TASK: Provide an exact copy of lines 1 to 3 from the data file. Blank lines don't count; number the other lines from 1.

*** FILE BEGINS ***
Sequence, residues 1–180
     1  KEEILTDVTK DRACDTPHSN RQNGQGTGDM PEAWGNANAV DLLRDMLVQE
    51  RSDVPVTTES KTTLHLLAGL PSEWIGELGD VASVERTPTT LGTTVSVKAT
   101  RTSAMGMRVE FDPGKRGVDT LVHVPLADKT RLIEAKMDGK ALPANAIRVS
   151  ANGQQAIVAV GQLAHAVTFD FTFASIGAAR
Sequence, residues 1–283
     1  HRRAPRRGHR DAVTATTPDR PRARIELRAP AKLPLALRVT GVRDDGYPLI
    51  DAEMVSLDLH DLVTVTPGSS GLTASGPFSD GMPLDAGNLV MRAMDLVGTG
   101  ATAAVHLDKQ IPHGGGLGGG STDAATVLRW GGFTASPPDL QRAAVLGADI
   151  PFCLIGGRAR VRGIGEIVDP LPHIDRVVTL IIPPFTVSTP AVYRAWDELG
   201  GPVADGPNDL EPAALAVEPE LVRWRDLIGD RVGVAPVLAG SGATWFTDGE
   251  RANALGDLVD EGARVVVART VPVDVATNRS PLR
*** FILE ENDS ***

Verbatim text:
Sequence, residues 1–180
     1  KEEILTDVTK DRACDTPHSN RQNGQGTGDM PEAWGNANAV DLLRDMLVQE
    51  RSDVPVTTES KTTLHLLAGL PSEWIGELGD VASVERTPTT LGTTVSVKAT